You should be able to walk down the street without fear of being attacked.
And yet many residents in Victoria County have come to expect that walking around their neighborhood can regularly result in attacks and harassment from stray and loose dogs.
This is a problem with many contributing factors that range from irresponsible dog owners to lax local laws to local government officials who have failed to act.
It’s so bad that Bloomington resident Makenna Cornelius, 19, always brings along protection when walking her dog, Whisky. She carries a 4-foot cattle prod to fend of the many dogs that run loose in her neighborhood. But that’s hardly unusual in the Crossroads.
In a recent Victoria Advocate poll, about 40% of those who responded said there was a loose dog problem in their community. It’s a problem that’s long persisted in the area, and for many there seems to be no solution in sight.
Cornelius and two others who recently talked to the Victoria Advocate said they have contacted the county’s animal control center about the problem. They also said they have never been satisfied with the response.
There’s admittedly a bit of humor in watching a tiny Chihuahua chase a walker or jogger down the road, although it’s far less funny for the person being chased.
When the dog is larger or aggressive, there’s potential for real danger.
In recent years, many residents have been attacked. Some have suffered permanent injuries. Others have been nearly killed.
In 2019, A Victoria woman in her 60s was savagely mauled by two pit bulls owned by a Bloomington man. The dogs’ bites were so severe they exposed tendons and muscles on the woman’s body.
Earlier that year in January, a Victoria woman suffered a serious bite to her arm that left it looking like “a busted can of biscuits,” she said. She was bitten while protecting her own dog from a larger dog.
In 2017, a Victoria man was hospitalized after a dog bit his chest while he was trying to protect his pet Pekingese. They were walking through a Victoria neighborhood with a nearby school where small children frequently walk from.
The man’s Pekingese was nearly killed, and the man incurred about $9,000 in hospital fees, he said.
Those attacks are just a few to make headlines locally. For years, the Advocate has covered at least several serious dog attacks every year with many others going unreported.
From 2014 to 2019, more than 650 dog bites were reported in Victoria County.
Victoria County leaders need to do more to prevent harassment, bites and attacks.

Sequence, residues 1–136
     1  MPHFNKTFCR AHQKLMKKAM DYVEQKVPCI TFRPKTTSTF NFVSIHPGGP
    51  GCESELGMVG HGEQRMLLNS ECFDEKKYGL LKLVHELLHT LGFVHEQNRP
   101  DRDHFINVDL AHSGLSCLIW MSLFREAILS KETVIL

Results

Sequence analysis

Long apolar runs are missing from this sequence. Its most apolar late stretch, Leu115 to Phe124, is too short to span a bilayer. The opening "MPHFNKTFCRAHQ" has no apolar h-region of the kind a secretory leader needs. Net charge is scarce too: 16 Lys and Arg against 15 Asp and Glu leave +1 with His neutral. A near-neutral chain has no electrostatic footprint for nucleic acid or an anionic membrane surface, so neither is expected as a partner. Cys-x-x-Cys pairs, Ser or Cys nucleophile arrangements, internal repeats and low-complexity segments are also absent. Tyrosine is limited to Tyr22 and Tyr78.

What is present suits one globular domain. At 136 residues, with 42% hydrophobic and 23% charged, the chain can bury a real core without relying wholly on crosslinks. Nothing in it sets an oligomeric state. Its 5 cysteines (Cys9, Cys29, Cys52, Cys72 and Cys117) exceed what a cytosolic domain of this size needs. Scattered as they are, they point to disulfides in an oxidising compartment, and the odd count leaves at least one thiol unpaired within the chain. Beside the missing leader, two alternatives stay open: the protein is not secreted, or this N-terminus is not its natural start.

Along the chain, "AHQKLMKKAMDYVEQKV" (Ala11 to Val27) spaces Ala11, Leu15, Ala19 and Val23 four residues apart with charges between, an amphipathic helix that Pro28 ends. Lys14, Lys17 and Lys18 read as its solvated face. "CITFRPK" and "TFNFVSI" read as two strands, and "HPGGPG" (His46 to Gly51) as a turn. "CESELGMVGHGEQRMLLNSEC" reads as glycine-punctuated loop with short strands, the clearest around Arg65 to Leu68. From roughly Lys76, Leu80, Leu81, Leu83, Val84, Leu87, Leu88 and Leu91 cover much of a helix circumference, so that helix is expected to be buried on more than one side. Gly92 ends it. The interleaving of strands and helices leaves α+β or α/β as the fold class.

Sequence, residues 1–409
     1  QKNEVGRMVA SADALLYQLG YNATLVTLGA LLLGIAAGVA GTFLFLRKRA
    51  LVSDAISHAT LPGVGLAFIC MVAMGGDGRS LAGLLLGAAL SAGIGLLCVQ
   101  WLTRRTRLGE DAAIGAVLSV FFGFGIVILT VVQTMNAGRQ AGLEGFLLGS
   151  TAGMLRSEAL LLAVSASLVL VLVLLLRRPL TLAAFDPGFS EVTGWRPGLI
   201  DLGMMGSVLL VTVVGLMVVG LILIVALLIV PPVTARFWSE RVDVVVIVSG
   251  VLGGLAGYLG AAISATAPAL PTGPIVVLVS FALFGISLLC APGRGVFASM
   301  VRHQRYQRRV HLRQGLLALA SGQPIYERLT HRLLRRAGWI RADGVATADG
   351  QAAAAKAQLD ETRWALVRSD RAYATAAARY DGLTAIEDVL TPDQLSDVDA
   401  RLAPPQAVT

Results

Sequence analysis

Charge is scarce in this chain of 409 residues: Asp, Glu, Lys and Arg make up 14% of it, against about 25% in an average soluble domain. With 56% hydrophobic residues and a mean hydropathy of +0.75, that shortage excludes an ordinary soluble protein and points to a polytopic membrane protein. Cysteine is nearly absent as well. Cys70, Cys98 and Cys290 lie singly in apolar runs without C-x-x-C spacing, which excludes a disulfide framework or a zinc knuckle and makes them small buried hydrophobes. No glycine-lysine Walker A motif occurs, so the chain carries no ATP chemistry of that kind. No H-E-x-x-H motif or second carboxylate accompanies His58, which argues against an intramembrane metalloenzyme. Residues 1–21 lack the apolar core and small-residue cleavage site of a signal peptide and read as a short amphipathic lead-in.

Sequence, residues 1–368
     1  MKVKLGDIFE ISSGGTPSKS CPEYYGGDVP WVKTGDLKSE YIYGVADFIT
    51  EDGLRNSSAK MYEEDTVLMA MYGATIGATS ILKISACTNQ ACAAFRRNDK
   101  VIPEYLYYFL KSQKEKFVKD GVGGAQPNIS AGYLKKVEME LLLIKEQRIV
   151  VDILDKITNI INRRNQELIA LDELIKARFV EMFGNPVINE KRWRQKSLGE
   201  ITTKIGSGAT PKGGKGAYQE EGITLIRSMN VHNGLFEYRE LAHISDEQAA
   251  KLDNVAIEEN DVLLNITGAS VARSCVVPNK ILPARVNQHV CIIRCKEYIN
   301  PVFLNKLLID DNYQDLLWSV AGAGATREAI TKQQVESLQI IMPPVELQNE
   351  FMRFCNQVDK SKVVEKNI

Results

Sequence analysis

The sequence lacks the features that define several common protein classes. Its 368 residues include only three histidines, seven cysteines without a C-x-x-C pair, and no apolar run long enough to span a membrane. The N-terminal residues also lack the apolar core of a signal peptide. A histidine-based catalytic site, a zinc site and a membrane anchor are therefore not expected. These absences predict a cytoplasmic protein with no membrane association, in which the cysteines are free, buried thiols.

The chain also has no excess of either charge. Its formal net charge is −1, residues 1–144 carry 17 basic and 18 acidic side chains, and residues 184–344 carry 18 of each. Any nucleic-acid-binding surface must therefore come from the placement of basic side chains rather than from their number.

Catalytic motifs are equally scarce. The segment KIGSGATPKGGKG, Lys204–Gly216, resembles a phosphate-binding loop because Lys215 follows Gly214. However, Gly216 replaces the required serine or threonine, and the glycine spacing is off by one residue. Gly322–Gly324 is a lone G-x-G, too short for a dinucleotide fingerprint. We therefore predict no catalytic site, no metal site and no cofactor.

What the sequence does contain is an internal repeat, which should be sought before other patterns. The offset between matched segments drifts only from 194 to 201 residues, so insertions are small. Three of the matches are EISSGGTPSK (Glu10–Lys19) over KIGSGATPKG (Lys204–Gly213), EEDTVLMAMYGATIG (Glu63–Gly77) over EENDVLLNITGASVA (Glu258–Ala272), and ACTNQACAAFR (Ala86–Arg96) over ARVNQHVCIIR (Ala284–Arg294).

In a Victoria Advocate story published Tuesday, Precinct 1 County Commissioner Danny Garcia said he is aware of the problem in Bloomington as well as elsewhere in his precinct and county.
Although Garcia is correct in saying that a big part of the problem is irresponsible dog owners, the responsibility to protect residents ultimately lies with county leaders.
To say fixing the problem is beyond local government’s control is being shortsighted.
While there may not be enough animal control officers to regularly patrol county communities like Bloomington now, that can be changed. County leaders can allocate a bigger budget to the animal control center. County commissioners have regularly approved budget increases for many other county offices.
County leaders have also talked about hosting a town hall to communicate with residents about the problem, but no date has been set.
Yes, educating bad owners about responsible dog ownership can help, but there needs to be concrete steps taken to make that education happen. And Garcia and other county leaders need to be prepared to consider passing a leash law in the county or other laws that might stiffen penalties for bad owners.
Already in Victoria city limits, dog owners are required to leash their dogs.
Those laws might be somewhat unpopular, but the reality is that necessary decisions by local government leaders are sometimes that — unpopular.
Elected leaders should not make decisions solely because a majority of their constituents support them. They should do what is right, even when they are acting to protect a minority.
In this case, that minority is made up of residents who regularly walk or bike around their neighborhood, whether that be out of necessity or for recreation. They are people who walk their dogs, children who play outside, joggers, bikers and people simply enjoying some fresh air.
Those people have every right to go outside without worrying of being seriously mauled. They should not have to routinely carry weapons, like a cattle prod, to defend themselves.